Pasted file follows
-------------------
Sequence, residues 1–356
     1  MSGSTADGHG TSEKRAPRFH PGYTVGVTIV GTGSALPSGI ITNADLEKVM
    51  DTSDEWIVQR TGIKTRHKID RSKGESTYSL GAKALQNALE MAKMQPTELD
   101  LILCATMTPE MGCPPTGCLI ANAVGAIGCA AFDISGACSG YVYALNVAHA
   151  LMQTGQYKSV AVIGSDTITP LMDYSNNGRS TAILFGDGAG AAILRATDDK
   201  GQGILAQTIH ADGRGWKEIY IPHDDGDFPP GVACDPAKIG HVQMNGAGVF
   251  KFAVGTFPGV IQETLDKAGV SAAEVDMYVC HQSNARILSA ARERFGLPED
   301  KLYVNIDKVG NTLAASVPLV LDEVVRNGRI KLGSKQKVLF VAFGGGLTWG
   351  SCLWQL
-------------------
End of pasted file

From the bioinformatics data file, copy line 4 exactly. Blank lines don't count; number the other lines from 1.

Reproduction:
   101  LILCATMTPE MGCPPTGCLI ANAVGAIGCA AFDISGACSG YVYALNVAHA